by Claire Lindell
In the early half of the twentieth century Ashtabula Harbor, Ohio was a thriving port on Lake Erie. The Great Lakes were humming with cargo ships, barges and freighters moving slowly up and down the waterway delivering supplies.
One evening a young man of twenty or so stood on the shore and pondered his future. He was certain about one thing. He did not want to remain in the Harbor and become a dock worker like several of his uncles. He yearned to see what lay beyond. Where were all these ships going? What would it be like to live and work aboard ship? Where would it take him? His whole life lay ahead of him.
Alpo Hjalmar Lindell was the seventh child of eight children, born on November 9, 1917 to Johan Hjalmar Lindell, the Harbor blacksmith and Court interpreter. His mother, Ida Susanna Karhu, was a local activist in the Temperance Movement.
Alpo decided to become a merchant marine and fulfill his dreams The job description stated clearly that it was an arduous, tedious and strenuous occupation. Seaman worked long lonely hours swabbing decks, lifting heavy cargo, polishing brass. They were the custodians of the ship. Their responsibility was to see that everything aboard remained in “ship shape”.
Click to open a new window to view a current job description:
which is not that much different than it would have been back in the 40s, 50s and 60s.
The first indication that Alpo became a merchant marine was on September 12, 1944 . His name appears on a departure Passenger List in the Panama Canal, Cristobal Canal Zone. He was twenty-six years old.
Later at the age of thirty-one he is on an Immigration and Emigration List leaving Copenhagen, Denmark on June 18, 1948, destination, New York City.
A third document showed that in 1950 he was working much closer to home on board the “Cletus Schneider”, a long sleek freighter on the Great Lakes as third Assistant Engineer.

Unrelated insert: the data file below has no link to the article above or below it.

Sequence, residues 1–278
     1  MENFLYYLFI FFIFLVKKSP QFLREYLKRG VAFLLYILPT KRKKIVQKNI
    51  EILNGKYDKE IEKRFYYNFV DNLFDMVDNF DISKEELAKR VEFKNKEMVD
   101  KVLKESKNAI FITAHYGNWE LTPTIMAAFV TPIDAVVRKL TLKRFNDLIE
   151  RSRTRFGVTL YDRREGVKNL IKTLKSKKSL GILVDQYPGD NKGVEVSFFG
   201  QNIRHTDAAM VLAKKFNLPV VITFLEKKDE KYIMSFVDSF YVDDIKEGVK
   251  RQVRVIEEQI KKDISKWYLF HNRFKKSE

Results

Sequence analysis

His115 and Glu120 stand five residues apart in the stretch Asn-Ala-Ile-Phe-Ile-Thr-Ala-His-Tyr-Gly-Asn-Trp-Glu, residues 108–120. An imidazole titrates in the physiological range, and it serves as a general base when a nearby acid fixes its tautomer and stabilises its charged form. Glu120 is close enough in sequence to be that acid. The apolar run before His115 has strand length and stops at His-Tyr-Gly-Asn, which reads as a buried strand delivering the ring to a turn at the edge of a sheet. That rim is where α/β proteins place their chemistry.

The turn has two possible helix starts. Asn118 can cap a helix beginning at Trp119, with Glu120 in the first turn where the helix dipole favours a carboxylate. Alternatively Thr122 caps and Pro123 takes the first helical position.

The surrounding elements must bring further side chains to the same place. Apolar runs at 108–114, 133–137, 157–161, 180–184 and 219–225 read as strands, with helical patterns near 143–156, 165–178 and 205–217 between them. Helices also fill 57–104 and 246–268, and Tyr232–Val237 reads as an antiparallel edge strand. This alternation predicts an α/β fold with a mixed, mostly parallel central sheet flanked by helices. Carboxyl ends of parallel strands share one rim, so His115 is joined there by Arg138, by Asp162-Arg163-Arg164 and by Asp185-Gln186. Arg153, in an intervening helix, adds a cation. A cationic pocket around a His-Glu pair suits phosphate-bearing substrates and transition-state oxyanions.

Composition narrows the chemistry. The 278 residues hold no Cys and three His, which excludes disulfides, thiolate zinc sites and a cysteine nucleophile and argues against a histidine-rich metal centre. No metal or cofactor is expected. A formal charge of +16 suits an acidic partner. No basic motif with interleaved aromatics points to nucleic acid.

Cletus Scneider on the Great Lakes
Information about Alpo between 1950 and the middle 60s is mostly hearsay. We do know he continued to work as a merchant marine.
Over the years he fulfilled his dreams. After more than twenty years as a seaman he could no longer do the demanding work. He settled in New York City, a city he knew well.
In New York City he would occasionally have a short visit with one of his older brothers who visited the city regularly on company business. They would meet and chat briefly at Grand Central Station. Alpo would leave with a few extra dollars in his pocket and make his way back to the Bowery.
It was shortly after such an occasion on April 6th, 1968 that perhaps he flashed money, settled debts, or paid a round for his ‘friends’ that he was rolled and later found dead. He was only fifty years old! A broken man.
At the time of Alpo’s death the authorities could not locate any family members. He was buried on Hart Island in a pauper’s grave.
Shortly thereafter, his brother was made aware of Alpo’s tragic death. The brother had the body exhumed and brought back to Ashtabula where he was given a proper burial. He lies in Edgewood Cemetery close to his parents.
That brother was my father.
We are all our brothers’ keepers.
Sources: found on Ancestry
1920 United States Federal Census CENSUS & VOTER LISTS
1930 United States Federal Census CENSUS & VOTER LISTS
1940 United States Federal Census CENSUS & VOTER LISTS Click to view
New Orleans, Passenger Lists, 1813-1945 IMMIGRATION & TRAVEL
New York, Passenger Lists, 1820-1957 IMMIGRATION & TRAVEL
U.S. City Directories, 1821-1989 SCHOOLS, DIRECTORIES & CHURCH HISTORIES
Note: Alpo’s older brother, Karl, left home to study when Alpo was only six years old. They hardly knew each other and their paths did not cross for many years. Karl moved to Canada and became a successful Mining Engineer.
2 thoughts on “Harbour Lights”
Harbour Lights is a very touching story. I remember that you told it to me at the book club, and I was fascinated.